Active Listening for Lawyers

For our purposes, active listening for lawyers involves more than simply being able to accurately report back what another person in a conversation has said, although it certainly includes that. Active listening also involves communication while still primarily receiving information, through body language, encouragement/demonstrated interest, appropriate questions and other forms of engagement. Active listening offers value to lawyers who understand it at all phases of the attorney-client relationship.

While every lawyer does business development in their own way, we have found that active listening is a critical skill. In our experience, many business generators nurture relationships in their social networks; indeed, for some, there is no sharp demarcation between “business relationships” and their social network. Many business generators understand that those in their networks will tend to refer clients to lawyers they trust, not just to be competent and ethical, but to have the interest (and ability) to truly understand what matters to them and who they are. Active listening engenders trust; trust leads to introductions; introductions lead to business. And, active listening during the initial conversations with the prospective client may persuade them that you are connecting with them and their legal concerns.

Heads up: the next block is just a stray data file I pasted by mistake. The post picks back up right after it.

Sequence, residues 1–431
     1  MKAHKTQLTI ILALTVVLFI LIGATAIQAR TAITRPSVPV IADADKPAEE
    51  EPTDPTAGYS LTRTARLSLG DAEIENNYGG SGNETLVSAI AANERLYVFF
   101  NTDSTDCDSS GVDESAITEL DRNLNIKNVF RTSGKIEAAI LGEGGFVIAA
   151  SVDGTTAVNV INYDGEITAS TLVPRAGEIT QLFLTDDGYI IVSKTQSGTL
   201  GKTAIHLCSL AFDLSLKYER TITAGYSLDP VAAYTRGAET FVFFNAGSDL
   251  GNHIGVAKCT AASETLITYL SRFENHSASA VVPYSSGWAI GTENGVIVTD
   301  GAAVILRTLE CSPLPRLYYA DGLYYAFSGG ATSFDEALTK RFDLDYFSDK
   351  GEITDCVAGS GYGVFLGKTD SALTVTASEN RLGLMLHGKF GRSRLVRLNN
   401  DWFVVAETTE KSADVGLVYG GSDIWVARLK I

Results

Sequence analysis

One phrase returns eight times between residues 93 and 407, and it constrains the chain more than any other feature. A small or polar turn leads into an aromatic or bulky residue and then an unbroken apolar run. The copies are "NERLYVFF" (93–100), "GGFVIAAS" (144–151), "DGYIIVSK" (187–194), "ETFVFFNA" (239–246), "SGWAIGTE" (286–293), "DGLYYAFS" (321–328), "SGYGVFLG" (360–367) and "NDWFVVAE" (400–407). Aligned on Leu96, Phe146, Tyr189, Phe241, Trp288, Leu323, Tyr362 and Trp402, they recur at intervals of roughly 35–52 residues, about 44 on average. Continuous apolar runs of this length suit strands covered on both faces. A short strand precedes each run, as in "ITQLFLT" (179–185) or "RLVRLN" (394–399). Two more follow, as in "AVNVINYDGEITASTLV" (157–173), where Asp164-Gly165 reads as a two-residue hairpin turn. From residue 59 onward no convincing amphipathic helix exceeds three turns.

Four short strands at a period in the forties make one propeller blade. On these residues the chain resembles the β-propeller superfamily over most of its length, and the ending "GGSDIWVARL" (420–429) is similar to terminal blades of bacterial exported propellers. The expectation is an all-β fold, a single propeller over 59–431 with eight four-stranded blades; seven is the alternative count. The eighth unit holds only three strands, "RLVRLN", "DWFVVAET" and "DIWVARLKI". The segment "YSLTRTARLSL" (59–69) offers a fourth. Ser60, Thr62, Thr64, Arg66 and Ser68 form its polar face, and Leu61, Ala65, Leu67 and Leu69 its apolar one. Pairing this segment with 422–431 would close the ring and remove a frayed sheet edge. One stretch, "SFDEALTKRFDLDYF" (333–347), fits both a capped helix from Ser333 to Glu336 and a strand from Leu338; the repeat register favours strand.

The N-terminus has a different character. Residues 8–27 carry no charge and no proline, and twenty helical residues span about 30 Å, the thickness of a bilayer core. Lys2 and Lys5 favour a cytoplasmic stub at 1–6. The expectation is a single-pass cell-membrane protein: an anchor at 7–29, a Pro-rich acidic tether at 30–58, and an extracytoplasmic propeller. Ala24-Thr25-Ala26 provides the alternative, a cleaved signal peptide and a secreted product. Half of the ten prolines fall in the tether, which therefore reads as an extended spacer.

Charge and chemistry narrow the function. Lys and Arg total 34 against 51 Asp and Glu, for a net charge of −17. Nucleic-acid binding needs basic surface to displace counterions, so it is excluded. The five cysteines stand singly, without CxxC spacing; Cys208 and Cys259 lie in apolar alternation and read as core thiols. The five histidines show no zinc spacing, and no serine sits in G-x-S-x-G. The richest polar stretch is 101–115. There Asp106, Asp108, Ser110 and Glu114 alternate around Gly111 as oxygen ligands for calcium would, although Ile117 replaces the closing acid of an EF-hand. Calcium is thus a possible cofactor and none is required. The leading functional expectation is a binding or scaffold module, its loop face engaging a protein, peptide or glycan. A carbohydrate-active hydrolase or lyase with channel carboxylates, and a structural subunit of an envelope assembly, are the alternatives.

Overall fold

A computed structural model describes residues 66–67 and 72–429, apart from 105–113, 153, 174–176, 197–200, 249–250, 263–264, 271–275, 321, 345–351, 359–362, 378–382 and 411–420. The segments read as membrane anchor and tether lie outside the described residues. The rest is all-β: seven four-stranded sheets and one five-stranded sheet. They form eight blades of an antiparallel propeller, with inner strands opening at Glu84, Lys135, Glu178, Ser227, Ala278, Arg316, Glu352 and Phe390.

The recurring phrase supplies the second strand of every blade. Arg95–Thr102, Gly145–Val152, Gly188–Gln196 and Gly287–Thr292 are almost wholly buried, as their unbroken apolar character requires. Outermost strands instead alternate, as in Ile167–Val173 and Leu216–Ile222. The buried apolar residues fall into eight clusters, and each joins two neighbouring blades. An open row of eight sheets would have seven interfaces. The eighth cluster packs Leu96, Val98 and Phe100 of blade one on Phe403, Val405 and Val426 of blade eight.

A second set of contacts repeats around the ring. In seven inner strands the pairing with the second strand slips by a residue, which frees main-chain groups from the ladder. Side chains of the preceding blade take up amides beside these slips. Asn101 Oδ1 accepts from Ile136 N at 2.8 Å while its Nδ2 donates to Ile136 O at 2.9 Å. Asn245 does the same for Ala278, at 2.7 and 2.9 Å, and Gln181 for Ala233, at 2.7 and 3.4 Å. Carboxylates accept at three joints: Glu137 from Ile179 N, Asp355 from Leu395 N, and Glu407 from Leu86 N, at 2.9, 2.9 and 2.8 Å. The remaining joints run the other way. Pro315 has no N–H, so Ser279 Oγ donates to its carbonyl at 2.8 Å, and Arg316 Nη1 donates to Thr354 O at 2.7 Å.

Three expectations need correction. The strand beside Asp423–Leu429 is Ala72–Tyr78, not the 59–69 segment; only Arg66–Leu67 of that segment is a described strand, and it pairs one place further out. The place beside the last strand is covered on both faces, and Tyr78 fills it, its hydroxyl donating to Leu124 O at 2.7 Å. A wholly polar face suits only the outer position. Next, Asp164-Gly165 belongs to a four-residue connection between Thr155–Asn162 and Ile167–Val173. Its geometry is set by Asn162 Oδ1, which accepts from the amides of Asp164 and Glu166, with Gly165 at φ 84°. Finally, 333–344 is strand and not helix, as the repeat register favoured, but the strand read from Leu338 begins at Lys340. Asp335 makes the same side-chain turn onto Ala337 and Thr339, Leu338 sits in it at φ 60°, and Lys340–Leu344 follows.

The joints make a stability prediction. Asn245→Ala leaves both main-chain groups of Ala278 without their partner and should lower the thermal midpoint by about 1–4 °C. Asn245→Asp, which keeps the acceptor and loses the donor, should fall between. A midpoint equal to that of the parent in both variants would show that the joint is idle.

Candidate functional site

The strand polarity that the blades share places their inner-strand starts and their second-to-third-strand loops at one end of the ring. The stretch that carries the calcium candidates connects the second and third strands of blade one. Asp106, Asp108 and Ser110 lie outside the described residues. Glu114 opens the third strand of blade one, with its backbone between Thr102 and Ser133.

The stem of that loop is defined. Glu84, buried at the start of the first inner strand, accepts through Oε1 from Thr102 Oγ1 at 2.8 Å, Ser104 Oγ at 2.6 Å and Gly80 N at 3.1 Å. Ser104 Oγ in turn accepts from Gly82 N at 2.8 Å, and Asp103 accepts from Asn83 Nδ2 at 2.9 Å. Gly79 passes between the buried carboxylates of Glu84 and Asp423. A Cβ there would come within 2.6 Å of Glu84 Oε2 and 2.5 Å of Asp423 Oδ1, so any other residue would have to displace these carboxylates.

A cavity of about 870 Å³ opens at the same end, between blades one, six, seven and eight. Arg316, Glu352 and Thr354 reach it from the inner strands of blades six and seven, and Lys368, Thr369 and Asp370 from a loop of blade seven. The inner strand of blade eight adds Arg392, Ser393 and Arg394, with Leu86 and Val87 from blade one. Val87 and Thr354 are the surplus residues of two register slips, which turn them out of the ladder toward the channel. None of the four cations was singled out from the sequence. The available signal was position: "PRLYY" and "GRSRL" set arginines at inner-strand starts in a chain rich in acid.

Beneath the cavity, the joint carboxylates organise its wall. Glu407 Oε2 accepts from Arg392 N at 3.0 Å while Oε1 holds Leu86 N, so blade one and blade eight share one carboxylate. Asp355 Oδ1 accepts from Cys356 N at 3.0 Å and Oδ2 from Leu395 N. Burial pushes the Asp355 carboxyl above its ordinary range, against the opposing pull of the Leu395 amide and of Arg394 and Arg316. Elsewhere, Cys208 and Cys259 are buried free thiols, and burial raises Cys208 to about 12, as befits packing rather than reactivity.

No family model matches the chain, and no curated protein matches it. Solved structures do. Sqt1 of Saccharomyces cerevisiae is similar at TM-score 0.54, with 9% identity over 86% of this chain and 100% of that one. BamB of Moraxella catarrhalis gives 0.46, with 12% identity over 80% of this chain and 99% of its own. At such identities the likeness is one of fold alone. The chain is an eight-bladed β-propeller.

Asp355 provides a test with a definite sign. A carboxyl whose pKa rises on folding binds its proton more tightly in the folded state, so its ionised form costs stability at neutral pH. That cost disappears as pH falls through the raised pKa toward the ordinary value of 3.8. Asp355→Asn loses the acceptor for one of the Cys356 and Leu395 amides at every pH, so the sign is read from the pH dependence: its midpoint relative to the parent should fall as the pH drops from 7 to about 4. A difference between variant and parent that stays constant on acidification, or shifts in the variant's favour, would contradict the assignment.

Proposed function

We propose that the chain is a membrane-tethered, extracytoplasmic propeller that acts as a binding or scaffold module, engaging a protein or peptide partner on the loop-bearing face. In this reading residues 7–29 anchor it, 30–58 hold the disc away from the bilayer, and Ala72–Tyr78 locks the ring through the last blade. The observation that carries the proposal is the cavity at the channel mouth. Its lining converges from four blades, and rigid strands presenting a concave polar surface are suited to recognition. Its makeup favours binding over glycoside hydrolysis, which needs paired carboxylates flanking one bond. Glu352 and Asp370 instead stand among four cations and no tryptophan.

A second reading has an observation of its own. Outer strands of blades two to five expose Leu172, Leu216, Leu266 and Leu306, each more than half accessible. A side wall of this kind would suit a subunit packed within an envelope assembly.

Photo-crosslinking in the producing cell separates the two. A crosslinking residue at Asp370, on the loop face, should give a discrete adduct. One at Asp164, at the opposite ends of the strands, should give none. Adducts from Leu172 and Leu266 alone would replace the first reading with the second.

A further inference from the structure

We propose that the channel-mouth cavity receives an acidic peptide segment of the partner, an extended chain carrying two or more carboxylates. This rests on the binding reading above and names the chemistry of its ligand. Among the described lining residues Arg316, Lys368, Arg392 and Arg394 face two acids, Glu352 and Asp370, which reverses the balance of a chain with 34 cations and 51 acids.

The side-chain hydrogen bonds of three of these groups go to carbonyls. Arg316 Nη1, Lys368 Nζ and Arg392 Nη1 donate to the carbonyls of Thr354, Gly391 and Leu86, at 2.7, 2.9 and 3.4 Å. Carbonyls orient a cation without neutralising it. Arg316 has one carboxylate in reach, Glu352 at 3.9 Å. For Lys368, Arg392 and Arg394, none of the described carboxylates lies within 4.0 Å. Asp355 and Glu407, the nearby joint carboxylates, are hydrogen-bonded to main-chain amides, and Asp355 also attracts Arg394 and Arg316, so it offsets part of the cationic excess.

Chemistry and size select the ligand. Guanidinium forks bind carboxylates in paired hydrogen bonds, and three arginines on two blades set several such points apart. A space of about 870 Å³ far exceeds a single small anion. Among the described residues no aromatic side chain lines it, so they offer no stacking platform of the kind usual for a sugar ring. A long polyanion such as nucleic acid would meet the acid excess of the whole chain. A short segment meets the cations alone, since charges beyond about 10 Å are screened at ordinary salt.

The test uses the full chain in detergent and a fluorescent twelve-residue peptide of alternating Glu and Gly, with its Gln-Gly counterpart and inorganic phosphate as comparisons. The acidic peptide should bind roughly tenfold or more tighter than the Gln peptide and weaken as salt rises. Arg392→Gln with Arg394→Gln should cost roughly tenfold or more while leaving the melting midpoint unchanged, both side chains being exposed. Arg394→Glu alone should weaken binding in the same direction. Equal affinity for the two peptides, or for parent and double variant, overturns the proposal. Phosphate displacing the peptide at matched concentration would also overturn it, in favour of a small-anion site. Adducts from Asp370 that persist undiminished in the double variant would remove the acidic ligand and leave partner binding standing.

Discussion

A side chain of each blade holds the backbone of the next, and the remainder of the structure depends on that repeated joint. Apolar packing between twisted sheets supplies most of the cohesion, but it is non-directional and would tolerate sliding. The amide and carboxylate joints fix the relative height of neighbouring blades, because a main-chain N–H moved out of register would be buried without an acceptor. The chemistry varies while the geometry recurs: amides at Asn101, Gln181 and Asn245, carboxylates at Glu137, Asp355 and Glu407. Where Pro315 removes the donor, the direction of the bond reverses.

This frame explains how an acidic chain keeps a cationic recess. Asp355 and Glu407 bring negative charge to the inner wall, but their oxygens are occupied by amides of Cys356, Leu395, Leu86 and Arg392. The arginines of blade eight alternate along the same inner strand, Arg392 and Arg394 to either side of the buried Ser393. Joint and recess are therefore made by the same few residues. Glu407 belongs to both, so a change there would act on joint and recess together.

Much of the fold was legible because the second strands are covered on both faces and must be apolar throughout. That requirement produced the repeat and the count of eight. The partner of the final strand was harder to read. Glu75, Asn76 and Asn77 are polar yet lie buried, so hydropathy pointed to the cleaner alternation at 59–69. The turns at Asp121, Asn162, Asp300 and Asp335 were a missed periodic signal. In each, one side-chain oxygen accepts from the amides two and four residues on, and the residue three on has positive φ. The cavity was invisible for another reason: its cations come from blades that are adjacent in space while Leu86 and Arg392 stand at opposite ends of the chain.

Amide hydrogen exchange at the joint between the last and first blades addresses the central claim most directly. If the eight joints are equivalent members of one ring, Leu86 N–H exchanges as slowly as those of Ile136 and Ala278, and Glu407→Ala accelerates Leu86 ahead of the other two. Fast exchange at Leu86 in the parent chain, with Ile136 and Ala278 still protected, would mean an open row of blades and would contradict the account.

Following client engagement, lawyers are called upon to apply active listening in a variety of situations. Active listening is critical to truly understanding a client’s motivation and ultimate goals to help guide them to a successful outcome. Lawyers may also be called upon to conduct internal investigations, depositions, or other witness interviews. While this is the place we find that our active listening skills really shine, we have learned to be cautious about falling into the trap of rushing to judgment. People may be nervous, uncomfortable, or even defensive but not, at the same, time “guilty” or able to provide information that helps an investigation. Rephrasing and repeating questions and paying close attention to changes in demeanor or comfort, are much more productive than thinking a particular eye shift or other “tell” acts as a lie detector.

Business development is not the only skill needed in the law firm setting, and for attorneys working “in-house” for companies or non-profit organizations or in other legal settings, it may not be an important skill at all. For most of us, however, active listening is critical to building successful relationships with people at all levels in your organization. This applies to work you may do on committees within your organization to teams assembled to work on complex matters to interactions with managers and staff. Understanding their stresses and pressures may help you successfully navigate challenging workplace situations.

Active listening can communicate to everyone in the workplace that they are being heard, understood and valued.